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dc.contributor.authorStanley, David
dc.contributor.authorGlaister, Karen
dc.date.accessioned2017-01-30T11:52:05Z
dc.date.available2017-01-30T11:52:05Z
dc.date.created2012-09-28T03:13:58Z
dc.date.issued2012
dc.identifier.citationStanley, David and Glaister, Karen. 2012. Electronic portfolios: Demonstrating student competence against external accreditation standards, in Herrington, A. and Schrape, J. and Singh, K. (ed), Engaging students with learning technologies, pp. 129-146 . Perth, Western Australia: Curtin University.
dc.identifier.urihttp://hdl.handle.net/20.500.11937/15826
dc.description.abstract

The aim of this eScholar project was to evaluate the effectiveness of an electronic portfolio as a learning and professional development resource for clinical-based health professionals; in the first instance its use by nursing students was explored. Portfolios have been used in nursing practice as a repository of evidence against nursing standards since the 1990s. Early portfolios were paper based, whilst recent iterations have evolved into electronic portfolio formats. An iPortfolio, available to all students studying at Curtin University, was integrated into the clinical practice units within the Bachelor of Science (Nursing) program as a suitable adjunct to support student learning and assessment. A cross-sectional study was conducted in 2010, involving a convenience sample of 115 students in the first semester of their course. A questionnaire solicited data on demographics, information technology skills, iPortfolio use, its structure and function and impact on the learning process. The information technology skills required for iPortfolio use were met by the majority of the study population, despite some having irregular access to computers and the Internet. Some onerous iPortfolio functionalities limited the full application of the tool for demonstrating professional-based competencies; however its value was recognised by users. Using the tool supported learning processes, particularly reflective practice, gaining feedback and self-determination of learning capacity. The results suggest the iPortfolio has potential as an electronic learning and assessment tool. With minimal modifications, its affordances support the demonstration of a skill set and evidence display against Curtin’s graduate attributes and the Australian Nursing and Midwifery Council’s competencies.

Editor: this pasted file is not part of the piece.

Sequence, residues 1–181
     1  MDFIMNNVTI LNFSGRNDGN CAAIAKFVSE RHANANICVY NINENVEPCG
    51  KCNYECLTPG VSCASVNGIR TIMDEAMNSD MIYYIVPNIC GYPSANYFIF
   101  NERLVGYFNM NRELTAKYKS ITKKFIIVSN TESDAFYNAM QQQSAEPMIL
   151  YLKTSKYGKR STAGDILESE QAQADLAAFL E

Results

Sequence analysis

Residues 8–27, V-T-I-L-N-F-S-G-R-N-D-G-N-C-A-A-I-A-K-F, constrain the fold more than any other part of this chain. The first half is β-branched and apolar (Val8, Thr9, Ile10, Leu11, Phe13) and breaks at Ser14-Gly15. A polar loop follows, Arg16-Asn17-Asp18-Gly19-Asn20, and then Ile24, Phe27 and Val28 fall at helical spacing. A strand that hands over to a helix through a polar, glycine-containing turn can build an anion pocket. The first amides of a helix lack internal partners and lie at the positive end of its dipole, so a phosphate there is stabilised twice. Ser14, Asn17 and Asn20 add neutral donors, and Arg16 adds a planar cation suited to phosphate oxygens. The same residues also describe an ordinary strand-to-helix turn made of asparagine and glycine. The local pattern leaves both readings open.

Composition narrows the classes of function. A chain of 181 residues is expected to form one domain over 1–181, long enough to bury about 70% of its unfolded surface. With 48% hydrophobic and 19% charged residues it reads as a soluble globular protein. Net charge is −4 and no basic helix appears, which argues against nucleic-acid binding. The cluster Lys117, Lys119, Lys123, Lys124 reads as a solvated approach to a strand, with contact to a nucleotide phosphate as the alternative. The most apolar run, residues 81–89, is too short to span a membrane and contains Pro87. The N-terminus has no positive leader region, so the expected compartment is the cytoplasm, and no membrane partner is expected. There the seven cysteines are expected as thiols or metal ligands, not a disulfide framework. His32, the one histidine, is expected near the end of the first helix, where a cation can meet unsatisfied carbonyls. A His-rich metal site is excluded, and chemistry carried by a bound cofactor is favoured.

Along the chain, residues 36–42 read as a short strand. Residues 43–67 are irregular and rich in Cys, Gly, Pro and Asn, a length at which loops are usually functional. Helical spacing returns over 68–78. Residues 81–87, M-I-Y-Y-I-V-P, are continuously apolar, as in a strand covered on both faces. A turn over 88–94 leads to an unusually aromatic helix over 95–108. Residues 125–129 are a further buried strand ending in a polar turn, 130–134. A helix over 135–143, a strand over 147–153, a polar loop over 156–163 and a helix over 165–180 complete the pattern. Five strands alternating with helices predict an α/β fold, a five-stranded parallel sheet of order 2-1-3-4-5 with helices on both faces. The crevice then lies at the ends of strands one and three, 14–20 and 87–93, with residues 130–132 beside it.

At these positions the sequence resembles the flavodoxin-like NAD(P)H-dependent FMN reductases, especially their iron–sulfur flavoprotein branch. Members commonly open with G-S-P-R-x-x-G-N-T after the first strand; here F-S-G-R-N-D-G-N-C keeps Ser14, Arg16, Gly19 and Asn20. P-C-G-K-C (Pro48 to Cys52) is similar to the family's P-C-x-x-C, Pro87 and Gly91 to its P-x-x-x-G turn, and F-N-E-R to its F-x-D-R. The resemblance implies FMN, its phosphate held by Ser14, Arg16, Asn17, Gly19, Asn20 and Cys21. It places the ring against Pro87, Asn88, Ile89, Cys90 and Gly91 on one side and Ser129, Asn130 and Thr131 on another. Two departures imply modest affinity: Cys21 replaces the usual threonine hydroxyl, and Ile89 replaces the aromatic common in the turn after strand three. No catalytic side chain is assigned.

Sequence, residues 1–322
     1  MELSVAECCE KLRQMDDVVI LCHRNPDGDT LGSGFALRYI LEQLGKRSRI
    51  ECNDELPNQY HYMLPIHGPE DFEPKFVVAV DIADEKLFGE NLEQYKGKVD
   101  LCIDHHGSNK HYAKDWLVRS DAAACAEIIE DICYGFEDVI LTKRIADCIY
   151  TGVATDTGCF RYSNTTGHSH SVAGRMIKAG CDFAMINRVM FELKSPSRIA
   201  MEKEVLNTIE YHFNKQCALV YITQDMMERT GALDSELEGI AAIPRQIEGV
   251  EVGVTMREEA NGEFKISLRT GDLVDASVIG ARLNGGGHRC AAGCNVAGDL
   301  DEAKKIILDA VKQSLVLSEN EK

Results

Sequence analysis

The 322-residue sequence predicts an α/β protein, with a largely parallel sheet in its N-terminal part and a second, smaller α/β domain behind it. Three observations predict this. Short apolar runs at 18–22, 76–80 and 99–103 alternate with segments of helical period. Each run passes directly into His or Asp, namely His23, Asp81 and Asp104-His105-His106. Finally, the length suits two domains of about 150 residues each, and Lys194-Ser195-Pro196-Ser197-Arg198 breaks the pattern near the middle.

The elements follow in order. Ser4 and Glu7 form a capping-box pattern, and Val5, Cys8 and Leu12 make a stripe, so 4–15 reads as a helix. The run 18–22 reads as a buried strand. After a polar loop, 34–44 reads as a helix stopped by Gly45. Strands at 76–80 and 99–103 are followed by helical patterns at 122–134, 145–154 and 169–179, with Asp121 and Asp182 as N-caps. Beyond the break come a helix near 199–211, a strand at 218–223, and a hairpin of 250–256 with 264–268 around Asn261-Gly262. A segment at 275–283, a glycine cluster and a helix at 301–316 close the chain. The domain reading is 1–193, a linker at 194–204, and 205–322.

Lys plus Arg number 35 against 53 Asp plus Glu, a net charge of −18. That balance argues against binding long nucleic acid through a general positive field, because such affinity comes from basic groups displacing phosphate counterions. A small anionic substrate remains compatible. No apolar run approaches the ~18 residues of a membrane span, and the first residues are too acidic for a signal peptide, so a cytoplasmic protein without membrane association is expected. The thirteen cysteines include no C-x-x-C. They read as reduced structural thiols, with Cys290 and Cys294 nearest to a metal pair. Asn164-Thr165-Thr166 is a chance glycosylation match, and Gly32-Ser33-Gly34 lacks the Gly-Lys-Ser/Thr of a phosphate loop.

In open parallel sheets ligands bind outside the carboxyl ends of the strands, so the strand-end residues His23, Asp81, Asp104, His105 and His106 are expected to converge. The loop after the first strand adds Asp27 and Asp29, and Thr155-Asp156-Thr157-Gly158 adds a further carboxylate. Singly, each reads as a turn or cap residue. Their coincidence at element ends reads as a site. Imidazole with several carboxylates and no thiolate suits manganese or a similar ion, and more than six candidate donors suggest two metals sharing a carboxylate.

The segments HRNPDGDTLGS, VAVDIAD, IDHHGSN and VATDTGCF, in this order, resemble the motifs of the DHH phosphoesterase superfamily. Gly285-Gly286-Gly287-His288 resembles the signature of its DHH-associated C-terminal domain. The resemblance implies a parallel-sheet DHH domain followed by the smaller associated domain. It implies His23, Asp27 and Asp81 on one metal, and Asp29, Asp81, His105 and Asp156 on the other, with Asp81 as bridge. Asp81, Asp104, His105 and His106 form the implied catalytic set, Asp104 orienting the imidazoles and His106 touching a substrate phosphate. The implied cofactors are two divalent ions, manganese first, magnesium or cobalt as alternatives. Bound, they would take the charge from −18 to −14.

dc.publisherCurtin University
dc.relation.urihttp://hdl.handle.net/20.500.11937/7870
dc.rights.urihttps://creativecommons.org/licenses/by/3.0/au/
dc.subjectevidence
dc.subjectportfolio
dc.subjectePortfolio
dc.subjectaccreditation
dc.titleElectronic portfolios: Demonstrating student competence against external accreditation standards
dc.typeBook Chapter
dcterms.source.isbn9780646587028
curtin.note

All material presented in this document is provided under a Creative Commons Attribution 3.0 Australia licence. Requests and inquiries concerning these rights should be addressed to: Curtin Teaching and Learning, Curtin University, Kent Street Bentley WA 6102.

curtin.note

The complete book is available in espace - see Additional URLs

curtin.departmentSchool of Nursing and Midwifery
curtin.identifiermanually created
curtin.accessStatusOpen access


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